The Summer House
At this beautiful residence in downtown Newberry, prepare to be transported back in time to an era of well-mannered Southern sophistication.
By Melissa Sprouse Browne
When Tamra and her husband, Lindon, purchased their property, there were things to be corrected structurally, so work was done mainly on the outside of the residence. They bought the home in June 2015 and wanted to move in shortly thereafter, but damage was discovered from floods and heavy rains. They’ve lived there since last Thanksgiving and continue to work on it.
Every owner has done something structural to the house. “At one time, the city manager told me he thought they’d have to condemn it and tear it down because it was in such disrepair,” Tamra said. But, the owners along the way have brought it back to life. “We got a wonderful home and we’ve done some renovations to it to suit our taste and to have our friends enjoy it with us,” she continued.
The back section of the home was a screened porch that is now enclosed and includes the laundry area. “The built–in cabinets were part of the original screened porch. It’s remained through the years and has been a delightful piece to discuss. The previous owners were proud of it still being there,” she said.
The kitchen is quite modern. The couple brought this room to the current century by mixing in modern convenience and style with classic elements, like the tin backsplash and trim work. The old chimney for a wood stove was framed in tin and painted black. The color scheme is an unusual blend of black with brown and red that comes together for a warm, fashionable look with a nod to the past. They also added the shutters, which are a natural fit. As you move through the house, you discover the kinship Tamra feels with the French Renaissance and the furniture in the kitchen mixes the modern with the old.
“We left the chimney flue and got an original flue cover that’s framed with a Roman scene,” she commented. The Colonial style wall crank telephone came from her dad’s side and was the family’s first phone (the first phone in the neighborhood). It’s been reclaimed for this kitchen.
The rest of the house (except for two floor areas) has the original Heart Pine flooring. There’s a little stairway to the outside that servants would’ve used to make their way upstairs. The doors are all thick, solid wood and the builder loved the beauty of the wood in its natural state. But, over the passage of time, the wood was painted by different owners, even though the builder had a clause in his will that no one was to ever do so.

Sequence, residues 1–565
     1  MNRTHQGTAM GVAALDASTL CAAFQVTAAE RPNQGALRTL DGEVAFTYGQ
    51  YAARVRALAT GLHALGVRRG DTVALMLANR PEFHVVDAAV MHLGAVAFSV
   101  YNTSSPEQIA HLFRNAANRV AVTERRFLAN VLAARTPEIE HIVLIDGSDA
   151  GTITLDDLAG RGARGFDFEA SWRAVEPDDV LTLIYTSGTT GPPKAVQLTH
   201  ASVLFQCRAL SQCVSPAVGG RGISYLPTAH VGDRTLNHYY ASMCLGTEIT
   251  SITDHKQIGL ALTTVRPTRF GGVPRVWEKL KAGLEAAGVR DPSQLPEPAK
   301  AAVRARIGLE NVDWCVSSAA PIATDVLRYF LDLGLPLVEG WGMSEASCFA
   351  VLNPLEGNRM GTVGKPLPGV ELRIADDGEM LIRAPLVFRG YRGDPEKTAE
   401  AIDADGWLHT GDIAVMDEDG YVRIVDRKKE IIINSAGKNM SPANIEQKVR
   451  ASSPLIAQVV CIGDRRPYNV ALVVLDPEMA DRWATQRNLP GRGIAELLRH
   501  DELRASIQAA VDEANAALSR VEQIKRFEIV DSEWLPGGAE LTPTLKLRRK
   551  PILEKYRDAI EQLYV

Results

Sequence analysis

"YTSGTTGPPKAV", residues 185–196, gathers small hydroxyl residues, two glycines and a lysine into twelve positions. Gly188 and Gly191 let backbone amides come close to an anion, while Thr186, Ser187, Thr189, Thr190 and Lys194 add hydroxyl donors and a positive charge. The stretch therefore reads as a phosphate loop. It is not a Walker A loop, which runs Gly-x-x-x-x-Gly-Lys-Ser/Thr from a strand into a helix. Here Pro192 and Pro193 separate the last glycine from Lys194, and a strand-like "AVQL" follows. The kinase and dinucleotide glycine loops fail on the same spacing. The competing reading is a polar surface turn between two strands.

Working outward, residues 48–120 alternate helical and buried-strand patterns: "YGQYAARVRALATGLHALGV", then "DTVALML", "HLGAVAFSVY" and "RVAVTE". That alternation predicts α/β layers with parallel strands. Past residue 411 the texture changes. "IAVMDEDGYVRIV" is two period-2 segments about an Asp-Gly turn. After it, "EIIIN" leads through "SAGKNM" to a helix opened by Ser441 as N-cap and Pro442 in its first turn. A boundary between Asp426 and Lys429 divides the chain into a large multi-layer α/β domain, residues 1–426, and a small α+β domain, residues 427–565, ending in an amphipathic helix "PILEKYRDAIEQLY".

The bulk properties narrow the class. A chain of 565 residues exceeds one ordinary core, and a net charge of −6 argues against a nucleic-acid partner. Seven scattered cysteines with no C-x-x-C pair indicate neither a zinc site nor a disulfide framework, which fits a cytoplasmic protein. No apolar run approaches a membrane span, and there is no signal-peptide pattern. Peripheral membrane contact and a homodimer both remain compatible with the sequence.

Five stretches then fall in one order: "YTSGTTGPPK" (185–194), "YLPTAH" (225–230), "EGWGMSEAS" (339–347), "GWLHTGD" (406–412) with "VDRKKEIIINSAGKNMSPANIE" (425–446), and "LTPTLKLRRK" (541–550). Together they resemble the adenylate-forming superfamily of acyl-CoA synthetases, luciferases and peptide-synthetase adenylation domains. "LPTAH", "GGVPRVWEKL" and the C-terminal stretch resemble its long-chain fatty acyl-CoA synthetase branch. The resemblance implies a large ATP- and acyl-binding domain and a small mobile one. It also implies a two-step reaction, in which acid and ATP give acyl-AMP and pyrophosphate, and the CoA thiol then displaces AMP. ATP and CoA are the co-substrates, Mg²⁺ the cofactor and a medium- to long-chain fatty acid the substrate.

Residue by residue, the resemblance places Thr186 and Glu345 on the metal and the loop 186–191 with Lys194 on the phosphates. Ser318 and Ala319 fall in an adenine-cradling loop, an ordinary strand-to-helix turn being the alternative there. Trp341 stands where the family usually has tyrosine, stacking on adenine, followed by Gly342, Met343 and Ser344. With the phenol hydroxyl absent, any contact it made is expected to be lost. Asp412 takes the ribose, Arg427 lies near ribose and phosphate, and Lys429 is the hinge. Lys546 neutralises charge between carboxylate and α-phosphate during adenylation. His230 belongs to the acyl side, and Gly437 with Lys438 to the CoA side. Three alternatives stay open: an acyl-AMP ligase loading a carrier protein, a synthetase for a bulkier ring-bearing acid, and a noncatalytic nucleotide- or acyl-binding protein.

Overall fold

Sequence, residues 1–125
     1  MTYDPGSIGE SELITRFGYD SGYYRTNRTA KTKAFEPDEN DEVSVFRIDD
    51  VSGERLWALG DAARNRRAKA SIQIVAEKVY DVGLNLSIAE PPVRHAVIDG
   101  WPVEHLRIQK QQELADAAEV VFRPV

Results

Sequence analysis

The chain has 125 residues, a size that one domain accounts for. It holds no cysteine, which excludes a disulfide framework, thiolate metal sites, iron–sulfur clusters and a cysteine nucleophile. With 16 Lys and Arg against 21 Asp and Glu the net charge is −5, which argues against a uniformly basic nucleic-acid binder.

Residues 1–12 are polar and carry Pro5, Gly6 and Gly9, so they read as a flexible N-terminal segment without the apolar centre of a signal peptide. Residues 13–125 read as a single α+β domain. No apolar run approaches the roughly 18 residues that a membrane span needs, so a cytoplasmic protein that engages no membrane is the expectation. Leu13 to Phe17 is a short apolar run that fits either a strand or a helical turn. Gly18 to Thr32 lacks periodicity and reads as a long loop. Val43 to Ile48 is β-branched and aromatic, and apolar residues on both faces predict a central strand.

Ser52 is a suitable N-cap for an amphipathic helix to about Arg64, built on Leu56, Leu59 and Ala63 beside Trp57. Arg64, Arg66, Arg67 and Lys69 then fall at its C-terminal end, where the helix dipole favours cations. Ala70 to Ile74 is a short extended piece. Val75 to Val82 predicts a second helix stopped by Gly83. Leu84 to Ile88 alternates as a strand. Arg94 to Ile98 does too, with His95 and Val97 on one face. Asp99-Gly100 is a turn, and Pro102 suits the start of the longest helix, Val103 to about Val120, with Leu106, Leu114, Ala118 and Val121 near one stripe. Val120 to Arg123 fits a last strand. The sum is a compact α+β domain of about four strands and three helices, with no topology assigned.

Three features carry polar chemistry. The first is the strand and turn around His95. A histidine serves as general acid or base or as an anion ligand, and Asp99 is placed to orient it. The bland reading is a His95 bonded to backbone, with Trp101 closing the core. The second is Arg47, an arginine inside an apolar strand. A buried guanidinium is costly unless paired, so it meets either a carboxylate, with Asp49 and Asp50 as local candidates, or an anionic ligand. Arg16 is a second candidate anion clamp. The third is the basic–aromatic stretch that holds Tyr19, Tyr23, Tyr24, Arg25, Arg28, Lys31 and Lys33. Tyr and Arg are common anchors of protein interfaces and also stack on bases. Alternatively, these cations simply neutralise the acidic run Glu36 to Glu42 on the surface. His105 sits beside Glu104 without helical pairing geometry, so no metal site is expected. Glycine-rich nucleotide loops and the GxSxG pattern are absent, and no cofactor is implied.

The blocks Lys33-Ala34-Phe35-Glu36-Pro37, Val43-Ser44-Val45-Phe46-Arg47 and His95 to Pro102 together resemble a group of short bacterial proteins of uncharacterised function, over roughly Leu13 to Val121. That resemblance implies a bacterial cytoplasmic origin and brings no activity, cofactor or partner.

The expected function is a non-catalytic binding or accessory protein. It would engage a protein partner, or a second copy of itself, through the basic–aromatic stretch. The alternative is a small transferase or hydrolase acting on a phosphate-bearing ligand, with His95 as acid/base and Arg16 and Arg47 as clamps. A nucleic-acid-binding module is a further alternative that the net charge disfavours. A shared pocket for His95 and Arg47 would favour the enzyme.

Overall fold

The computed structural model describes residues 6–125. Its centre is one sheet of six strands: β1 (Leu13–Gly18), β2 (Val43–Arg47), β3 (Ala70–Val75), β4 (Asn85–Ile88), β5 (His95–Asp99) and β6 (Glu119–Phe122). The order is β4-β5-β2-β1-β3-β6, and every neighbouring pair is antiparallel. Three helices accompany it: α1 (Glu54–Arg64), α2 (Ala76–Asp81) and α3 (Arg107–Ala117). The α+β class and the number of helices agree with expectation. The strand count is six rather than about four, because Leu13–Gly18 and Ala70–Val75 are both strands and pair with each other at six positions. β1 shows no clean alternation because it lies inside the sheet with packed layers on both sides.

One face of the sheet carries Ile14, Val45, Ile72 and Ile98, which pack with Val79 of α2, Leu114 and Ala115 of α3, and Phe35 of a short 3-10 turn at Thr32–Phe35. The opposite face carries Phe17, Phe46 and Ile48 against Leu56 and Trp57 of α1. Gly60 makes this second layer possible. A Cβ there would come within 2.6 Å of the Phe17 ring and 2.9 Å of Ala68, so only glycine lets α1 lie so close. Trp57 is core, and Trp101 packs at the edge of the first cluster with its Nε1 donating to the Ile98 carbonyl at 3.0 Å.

Moving on through the back portion of the main floor, turning right out of the kitchen leads you to a short hall and a full bath, complete with claw foot tub, crystal chandelier and floral wallpaper. There’s an oversized wooden wardrobe, used for linen storage. Fresh lilies give a hint of soft fragrance to envelope you in the dainty surroundings.
Beyond the bath, you enter the casual den where the family watches television and relaxes with their two sweet dogs. She’s a fan of Jim Harrison, remembered in this issue, and several pieces of his artwork hang in this room. Her personal connection to the artist is notable. “I’m from Orangeburg originally and I knew him,” she said. “He’s from Denmark and I met him many times.”
This room has another important piece of art: the pie safe. “My mother actually rescued that piece from my grandfather’s barn. She did the copper work designs herself with a nail and hammer, so it’s very special.”
All of the fireplaces in the home have the casted screens. Two fireplaces have been converted to gas, but the rest are original. The fireplace screen in the dining room is wonderfully preserved.
In the main body of the home is a stairwell that’s quintessential Cam Davis, with pickets topped with natural varnished wood. It’s a focal point when you enter from the main doorway. “Fortunately, this wood did not get painted and remains in its original form,” she commented.
One of their favorite rooms in the home is the formal dining room. “We’re not finished in this space, but we’ve got the parquet French walnut table with the French thrones as a centerpiece. There is really beautiful woodwork on the queens,” Tamra said. All of these pieces are from the 1880s French Renaissance. “The tall cabinets here are called Wedding Cabinets, which were given to couples at the occasion of their marriage to hold their belongings. You’d find these cabinets in the Netherlands. We were lucky to find some beautiful ones. I was shopping online and looking for these and found them right in downtown Newberry,” she continued.
“I furnished the room around this piece,” Tamra says of the sideboard that sits under the stained glass windows. “We bought it from the previous owners and I understand it has been in the house since the original owner. Lore has it that Mr. Summer wanted to be buried in it!”
Adjacent to the dining room is the ladies parlor which has been transformed into a music rooom. All of the artwork in this room is musically themed. She has the Renoir Lady at the Piano print overlooking the baby grand piano. “It plays beautifully,” Tamra said of the piano. “In fact, one of our friends is chair of the music education division at Newberry College and he and his wife have come over at Christmas and given us concerts.”
In the foyer hangs an impressive lantern chandelier that originally hung in a hotel in the Netherlands. The previous owners added this fixture to the home. “I did the colors in this room around the colors in the chandelier,” she said.